Inspired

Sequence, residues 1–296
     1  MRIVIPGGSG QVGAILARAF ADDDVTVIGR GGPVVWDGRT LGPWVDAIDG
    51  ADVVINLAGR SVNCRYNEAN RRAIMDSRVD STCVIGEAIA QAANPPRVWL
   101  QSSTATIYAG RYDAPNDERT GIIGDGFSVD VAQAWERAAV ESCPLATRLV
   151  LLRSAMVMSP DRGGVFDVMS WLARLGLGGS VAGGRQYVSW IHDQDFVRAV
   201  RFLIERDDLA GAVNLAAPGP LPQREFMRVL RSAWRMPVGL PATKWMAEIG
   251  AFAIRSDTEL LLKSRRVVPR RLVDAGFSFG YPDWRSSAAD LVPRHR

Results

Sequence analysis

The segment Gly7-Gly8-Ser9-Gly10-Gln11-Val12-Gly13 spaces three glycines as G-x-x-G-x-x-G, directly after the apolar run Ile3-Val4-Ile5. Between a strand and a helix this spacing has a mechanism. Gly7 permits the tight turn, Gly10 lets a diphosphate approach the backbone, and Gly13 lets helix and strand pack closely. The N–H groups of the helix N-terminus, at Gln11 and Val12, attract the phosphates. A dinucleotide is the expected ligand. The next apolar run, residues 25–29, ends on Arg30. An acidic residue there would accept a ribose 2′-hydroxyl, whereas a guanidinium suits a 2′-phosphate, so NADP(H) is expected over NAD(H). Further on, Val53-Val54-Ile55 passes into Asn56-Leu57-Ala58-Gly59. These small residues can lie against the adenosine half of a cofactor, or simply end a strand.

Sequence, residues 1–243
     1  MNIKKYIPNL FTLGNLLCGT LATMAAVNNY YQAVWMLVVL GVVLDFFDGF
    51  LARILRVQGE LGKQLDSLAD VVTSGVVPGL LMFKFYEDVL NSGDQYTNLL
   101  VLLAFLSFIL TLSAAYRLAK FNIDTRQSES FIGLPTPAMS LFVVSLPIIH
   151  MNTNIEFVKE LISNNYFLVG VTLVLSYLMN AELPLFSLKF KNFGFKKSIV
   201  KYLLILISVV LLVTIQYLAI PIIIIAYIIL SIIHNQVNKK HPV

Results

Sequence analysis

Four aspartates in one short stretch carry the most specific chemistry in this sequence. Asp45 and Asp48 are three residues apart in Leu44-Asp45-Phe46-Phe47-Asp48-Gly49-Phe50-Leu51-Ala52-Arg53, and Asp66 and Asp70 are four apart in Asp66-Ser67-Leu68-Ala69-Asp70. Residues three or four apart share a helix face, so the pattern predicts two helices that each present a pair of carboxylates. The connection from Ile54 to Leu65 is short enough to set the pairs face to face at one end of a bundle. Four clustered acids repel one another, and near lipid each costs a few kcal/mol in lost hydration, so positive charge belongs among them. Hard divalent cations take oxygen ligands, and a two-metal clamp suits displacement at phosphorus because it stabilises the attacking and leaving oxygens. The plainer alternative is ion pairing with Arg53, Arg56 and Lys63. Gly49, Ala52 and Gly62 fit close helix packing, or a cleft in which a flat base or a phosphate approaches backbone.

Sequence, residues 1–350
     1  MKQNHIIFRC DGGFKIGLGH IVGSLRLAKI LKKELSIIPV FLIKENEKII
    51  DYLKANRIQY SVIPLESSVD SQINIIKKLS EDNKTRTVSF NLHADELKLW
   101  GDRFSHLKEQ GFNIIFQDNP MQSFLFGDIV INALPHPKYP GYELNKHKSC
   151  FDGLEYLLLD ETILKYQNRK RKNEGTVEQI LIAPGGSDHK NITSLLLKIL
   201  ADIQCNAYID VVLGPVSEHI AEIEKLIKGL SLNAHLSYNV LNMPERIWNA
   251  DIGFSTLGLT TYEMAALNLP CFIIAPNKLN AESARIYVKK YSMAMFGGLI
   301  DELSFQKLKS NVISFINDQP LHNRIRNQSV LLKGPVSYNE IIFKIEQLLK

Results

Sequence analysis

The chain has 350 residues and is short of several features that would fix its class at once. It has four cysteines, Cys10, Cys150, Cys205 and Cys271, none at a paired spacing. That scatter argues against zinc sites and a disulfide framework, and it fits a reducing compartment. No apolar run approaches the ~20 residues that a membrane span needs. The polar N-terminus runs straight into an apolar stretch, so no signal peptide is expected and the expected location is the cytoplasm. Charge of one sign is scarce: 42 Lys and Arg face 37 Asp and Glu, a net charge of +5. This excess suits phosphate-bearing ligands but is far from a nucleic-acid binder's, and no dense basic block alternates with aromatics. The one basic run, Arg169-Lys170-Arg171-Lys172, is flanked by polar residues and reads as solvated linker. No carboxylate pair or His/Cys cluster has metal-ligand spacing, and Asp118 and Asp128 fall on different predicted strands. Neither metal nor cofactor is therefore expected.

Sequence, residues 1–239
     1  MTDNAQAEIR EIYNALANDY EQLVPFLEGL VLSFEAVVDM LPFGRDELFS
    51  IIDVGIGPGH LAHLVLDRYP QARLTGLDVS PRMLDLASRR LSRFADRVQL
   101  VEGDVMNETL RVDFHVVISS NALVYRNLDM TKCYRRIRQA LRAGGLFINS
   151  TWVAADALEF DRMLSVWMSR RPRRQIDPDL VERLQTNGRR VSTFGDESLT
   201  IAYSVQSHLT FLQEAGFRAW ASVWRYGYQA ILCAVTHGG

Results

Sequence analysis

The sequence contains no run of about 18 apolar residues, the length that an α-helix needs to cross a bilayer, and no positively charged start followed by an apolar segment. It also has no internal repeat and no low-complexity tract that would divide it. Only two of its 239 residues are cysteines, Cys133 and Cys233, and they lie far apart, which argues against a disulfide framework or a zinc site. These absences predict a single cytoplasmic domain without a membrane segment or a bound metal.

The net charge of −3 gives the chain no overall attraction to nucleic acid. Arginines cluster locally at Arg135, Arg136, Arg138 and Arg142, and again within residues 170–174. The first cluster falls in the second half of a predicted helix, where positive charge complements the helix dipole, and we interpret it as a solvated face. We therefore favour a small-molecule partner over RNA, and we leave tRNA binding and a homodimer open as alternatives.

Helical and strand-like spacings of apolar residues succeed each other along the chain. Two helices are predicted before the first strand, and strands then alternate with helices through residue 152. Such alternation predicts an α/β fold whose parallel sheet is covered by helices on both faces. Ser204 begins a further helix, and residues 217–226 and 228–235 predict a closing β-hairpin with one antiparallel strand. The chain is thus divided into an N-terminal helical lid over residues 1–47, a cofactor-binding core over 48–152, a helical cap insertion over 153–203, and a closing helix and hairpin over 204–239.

May 7, 2017